At his Washington Monthly blog, TDS managing editor Ed Kilgore posts on “The ‘What Then’ Debate.” Kilgore mines some salient insights from President Clinton’s campaign manager, James Carville and Bush speechwriter David Frum about what could happen if the SOTU bashes the ACA. First, Carville:
I think this will be the best thing that has ever happened to the Democratic Party…Then the Republican Party will own the healthcare system for the foreseeable future. And I really believe that. That is not spin
Frum thinks the GOP may want to chill the celebrations for a bit:
Repeal” may excite a Republican primary electorate that doesn’t need to worry about health insurance because it’s overwhelmingly over 65 and happily enjoying its government-mandated and taxpayer-subsidized single-payer Medicare system. But the general-election electorate doesn’t have the benefit of government medicine. It relies on the collapsing system of employer-directed care. It’s frightened, and it wants answers.
Kilgore adds that there is not much reason to think that Republicans are prepared to fill the void with credible proposals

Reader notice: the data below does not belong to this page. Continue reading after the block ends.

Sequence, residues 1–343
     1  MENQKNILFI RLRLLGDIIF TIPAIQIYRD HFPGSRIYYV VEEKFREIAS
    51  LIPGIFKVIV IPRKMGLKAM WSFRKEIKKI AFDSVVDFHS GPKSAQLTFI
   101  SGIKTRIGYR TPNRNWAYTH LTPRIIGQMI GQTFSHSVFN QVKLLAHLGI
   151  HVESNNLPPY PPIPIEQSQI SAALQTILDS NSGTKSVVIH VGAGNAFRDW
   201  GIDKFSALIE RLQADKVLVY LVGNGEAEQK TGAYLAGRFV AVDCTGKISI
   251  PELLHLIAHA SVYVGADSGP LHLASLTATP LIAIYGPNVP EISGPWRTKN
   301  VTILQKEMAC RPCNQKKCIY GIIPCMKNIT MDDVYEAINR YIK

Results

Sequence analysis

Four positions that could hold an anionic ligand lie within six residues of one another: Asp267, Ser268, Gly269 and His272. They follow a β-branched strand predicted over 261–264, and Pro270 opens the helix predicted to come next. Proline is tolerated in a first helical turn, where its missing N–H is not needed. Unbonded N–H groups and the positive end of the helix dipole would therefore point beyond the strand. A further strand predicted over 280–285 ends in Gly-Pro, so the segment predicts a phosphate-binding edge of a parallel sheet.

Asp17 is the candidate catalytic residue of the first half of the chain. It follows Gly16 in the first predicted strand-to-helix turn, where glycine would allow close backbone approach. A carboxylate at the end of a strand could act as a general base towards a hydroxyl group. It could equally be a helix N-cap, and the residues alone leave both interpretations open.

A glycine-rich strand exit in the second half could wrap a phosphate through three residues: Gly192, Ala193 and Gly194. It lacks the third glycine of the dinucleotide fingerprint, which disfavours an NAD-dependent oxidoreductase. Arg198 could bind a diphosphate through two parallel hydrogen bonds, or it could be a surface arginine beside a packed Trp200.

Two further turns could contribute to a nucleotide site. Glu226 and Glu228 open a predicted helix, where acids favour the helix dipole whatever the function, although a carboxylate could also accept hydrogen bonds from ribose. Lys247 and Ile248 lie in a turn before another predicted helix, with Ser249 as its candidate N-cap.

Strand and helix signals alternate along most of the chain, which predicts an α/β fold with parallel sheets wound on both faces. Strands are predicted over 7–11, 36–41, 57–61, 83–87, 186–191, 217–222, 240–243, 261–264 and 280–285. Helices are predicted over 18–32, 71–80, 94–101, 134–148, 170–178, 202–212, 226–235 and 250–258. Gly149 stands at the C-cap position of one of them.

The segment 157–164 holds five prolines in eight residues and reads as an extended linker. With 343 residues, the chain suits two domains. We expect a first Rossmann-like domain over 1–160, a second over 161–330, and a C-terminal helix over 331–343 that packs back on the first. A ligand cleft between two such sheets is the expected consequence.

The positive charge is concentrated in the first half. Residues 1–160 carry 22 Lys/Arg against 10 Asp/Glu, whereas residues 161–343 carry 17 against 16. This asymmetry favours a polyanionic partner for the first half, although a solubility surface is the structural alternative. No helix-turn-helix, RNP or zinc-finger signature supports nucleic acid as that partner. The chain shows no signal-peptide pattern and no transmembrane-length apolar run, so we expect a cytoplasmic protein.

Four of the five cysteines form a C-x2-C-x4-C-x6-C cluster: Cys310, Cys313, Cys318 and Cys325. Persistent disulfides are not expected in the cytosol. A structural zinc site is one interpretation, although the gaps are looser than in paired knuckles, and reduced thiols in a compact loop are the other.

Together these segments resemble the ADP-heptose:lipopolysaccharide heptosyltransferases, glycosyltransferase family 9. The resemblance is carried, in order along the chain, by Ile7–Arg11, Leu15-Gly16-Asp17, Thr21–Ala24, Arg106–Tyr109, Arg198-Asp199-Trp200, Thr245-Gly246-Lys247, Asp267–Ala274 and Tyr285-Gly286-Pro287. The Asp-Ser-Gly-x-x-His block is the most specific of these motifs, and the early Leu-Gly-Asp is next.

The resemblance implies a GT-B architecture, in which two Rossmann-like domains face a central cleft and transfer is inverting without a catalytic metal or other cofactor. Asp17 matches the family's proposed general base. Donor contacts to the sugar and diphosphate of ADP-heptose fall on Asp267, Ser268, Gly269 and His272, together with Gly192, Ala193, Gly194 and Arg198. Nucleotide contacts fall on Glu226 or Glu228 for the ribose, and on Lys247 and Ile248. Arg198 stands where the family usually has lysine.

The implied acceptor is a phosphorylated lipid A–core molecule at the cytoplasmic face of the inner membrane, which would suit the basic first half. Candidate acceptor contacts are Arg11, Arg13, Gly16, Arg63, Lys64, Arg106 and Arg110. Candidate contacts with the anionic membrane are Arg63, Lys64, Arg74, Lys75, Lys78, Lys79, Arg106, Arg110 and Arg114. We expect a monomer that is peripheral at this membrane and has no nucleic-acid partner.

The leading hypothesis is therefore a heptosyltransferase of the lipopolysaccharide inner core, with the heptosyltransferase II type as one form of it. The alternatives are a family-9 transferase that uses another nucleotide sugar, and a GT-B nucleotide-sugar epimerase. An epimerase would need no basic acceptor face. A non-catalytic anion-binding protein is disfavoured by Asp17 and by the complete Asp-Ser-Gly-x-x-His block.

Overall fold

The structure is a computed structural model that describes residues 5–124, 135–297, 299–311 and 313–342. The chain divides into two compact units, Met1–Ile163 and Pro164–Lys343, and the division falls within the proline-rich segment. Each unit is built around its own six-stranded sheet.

Sure, Republicans have their highly misleading pet rock proposals to hold down premiums–interstate insurance sales and “tort reform”–and a shriveled booby prize of an approach to extend health insurance to people who are routinely denied coverage–state-run “high-risk pools” that typically offer crappy coverage at astronomical rates. But all the focus on ObamaCare since 2009 has obscured the fact that most people who are not on Medicare pretty much do hate the health care status quo ante, and will expect both parties to propose new reforms.
In short, what the Supremes are now mulling over is a potential minefield of unintended consequences, some of which could boomerang badly on the GOP.